What happens in a Genetics laboratory? (Part I)

ADN genética
If a suspicion arises regarding a genetic disease, an elaborate process is initiated to validate or dismiss this hypothesis. Now, let us delve into cytogenetics, which serves as the initial step in confirming or refuting the presence of a disease with genetic origins.

Mutations refer to changes in our genes or chromosomes. They are relatively common, and in fact, all of us carry genetic mutations. The impact of a mutation can vary, ranging from beneficial to harmful, or even having no observable consequences. This outcome is influenced by environmental factors, chance occurrences, and the presence of mutations in other related genes.

When mutations disrupt the process of transmitting information encoded in genes, they can have adverse effects on the organism's proper functioning. Genetic analysis is conducted to identify mutations in specific genes or chromosomes. Typically, such analyses are performed using blood samples, although occasionally other tissues may also be used. While it is possible to extract DNA from saliva, this method sometimes fails to provide sufficient quantity and quality of DNA, making blood samples the preferred choice. After the sample is collected from the patient, it is sent to the laboratory for the examination of the relevant genes and chromosomes.

Genetic services play a crucial role in diagnosing and studying genetically-based diseases. However, due to the vast array of tests required for different genetic conditions, it is often impractical for these services to have all the necessary tests available in their laboratories. This challenge is particularly evident in the case of rare genetic diseases, where samples need to be sent to reference laboratories for accurate testing.

Genetic analysis provides information solely about the specific disease being tested. There is no universal test for all genetic diseases.

Types of Genetics laboratories

Two primary types of laboratories work on genetics: cytogenetics laboratories, which focus on chromosome analysis, and molecular genetics laboratories, which concentrate on gene studies. Let's begin with the first type.

When a healthcare professional suspects a genetic disease caused by a chromosomal alteration, their initial step is to request the cytogenetics laboratory to examine the patient's chromosomes. To analyse the chromosomes, a sample of blood, skin, amniotic fluid, or chorionic villi is obtained. Initially, the cells are cultured in the laboratory to facilitate their growth. Subsequently, the cells are placed on a microscope slide and stained with a dye, allowing for easy observation under a microscope.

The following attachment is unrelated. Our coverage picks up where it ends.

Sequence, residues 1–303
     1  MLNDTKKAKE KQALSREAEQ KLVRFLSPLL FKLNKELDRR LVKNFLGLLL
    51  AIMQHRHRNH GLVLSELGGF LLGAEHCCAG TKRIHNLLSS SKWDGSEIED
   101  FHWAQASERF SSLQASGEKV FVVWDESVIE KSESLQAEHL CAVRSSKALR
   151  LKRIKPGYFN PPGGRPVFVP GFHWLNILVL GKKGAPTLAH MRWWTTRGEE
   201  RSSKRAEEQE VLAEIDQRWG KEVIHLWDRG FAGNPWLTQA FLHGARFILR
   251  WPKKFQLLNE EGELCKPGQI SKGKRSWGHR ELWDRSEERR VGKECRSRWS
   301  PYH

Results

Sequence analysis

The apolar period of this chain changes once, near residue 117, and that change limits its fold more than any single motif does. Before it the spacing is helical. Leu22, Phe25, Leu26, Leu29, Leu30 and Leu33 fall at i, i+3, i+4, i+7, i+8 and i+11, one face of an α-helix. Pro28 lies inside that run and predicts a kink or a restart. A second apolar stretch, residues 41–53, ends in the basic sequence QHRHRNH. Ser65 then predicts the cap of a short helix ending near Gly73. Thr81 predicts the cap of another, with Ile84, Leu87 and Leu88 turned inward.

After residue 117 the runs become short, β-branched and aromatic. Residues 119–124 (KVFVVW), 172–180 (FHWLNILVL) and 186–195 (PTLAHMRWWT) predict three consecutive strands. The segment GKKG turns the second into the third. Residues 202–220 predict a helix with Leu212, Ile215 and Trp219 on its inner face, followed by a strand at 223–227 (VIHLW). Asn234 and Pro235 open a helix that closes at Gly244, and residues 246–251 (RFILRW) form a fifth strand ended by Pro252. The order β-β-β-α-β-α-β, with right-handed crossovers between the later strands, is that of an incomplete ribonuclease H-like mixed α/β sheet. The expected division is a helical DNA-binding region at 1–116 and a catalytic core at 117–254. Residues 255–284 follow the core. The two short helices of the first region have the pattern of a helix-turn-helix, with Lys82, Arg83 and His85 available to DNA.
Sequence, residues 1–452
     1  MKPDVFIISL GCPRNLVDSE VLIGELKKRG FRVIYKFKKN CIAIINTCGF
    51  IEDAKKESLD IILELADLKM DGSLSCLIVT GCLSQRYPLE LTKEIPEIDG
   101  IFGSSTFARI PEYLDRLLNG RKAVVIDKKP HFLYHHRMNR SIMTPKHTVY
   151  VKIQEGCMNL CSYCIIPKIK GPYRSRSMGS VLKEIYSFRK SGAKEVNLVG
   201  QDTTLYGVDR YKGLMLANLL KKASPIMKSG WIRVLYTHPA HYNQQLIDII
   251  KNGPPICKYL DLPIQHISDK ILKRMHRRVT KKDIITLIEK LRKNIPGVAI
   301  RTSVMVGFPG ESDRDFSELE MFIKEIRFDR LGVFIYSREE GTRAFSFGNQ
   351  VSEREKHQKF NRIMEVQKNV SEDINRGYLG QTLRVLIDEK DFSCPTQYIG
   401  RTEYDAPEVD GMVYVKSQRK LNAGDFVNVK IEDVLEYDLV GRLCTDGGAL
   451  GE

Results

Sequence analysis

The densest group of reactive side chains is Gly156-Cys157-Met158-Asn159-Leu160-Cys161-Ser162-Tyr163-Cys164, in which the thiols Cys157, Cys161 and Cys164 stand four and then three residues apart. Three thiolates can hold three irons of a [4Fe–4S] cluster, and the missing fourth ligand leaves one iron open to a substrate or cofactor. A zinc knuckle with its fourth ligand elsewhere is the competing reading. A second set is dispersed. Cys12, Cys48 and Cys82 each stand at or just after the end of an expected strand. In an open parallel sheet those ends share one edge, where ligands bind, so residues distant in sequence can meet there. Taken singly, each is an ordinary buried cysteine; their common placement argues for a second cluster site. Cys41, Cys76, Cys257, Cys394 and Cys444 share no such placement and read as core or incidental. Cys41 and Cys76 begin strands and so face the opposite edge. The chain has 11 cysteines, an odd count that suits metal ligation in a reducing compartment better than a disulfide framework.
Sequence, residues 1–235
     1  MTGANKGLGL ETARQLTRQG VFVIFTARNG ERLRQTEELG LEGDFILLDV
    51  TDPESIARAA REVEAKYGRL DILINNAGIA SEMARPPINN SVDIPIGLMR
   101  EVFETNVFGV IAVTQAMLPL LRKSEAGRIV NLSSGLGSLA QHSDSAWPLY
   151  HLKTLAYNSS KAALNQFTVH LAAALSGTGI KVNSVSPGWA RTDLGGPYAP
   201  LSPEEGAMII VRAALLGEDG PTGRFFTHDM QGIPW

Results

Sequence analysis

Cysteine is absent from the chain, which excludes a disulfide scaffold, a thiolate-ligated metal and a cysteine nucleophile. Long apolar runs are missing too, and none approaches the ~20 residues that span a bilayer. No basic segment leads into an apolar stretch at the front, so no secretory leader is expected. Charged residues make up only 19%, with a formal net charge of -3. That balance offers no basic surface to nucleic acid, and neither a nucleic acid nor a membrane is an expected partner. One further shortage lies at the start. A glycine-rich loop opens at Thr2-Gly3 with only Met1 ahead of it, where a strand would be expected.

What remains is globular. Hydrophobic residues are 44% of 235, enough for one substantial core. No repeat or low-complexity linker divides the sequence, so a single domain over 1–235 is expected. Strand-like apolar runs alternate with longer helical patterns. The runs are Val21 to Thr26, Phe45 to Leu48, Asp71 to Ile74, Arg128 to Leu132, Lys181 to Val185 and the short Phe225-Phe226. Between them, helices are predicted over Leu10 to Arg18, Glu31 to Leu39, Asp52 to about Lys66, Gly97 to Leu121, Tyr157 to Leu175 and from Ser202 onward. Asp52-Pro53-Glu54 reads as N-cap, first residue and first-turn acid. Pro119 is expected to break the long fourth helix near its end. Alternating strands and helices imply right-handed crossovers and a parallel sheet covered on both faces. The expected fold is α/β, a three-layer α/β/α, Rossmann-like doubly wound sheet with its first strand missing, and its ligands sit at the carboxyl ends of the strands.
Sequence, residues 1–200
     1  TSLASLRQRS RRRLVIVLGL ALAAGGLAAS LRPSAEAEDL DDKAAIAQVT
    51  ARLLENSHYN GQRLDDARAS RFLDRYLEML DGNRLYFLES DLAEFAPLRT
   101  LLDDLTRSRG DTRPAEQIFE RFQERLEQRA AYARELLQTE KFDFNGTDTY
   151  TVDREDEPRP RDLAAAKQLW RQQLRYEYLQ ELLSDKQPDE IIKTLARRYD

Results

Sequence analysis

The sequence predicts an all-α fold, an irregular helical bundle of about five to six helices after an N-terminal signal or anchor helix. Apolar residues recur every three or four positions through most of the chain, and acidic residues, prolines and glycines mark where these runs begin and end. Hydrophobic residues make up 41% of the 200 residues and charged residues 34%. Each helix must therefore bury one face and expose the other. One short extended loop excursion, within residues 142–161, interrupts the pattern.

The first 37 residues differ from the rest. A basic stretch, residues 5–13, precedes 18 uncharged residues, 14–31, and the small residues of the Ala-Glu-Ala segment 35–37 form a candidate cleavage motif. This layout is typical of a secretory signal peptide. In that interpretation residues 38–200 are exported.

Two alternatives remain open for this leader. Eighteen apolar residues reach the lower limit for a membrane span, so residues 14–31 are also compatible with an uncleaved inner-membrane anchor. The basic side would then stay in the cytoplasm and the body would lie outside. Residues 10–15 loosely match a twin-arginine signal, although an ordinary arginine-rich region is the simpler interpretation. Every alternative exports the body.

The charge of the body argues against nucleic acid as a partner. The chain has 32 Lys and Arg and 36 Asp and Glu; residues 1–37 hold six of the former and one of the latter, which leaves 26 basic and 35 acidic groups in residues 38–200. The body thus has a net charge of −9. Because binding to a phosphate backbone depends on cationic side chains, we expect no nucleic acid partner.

Cromosomas humanos al microscopio
Human chromosomes under the microscope (Wikimedia)

The initial step performed by a cytogeneticist is the enumeration of chromosomes. Abnormalities in the number of chromosomes can contribute to certain diseases. For instance, an additional chromosome in the 21st pair is responsible for Down syndrome. Furthermore, the cytogeneticist examines the structure of the chromosomes. Structural alterations occur when genetic material is rearranged due to a break, resulting in a gain or loss of genetic material. In some cases, the Fluorescent In Situ Hybridization (FISH) technique is employed to detect changes that may be too small to be directly observed through a microscope or to confirm an alteration initially identified through microscopy.

Cytogenetic analysis is a meticulous process that involves several stages. Initially, cell cultures must be cultivated, which can take at least one week. Subsequently, an additional seven days may be required to prepare slides and conduct individual chromosome analyses under the microscope.

Karyotype: Image of the chromosomes of a cell arranged in numerical order. We see an extra chromosome (trisomy) in pair 18 (Wikimedia).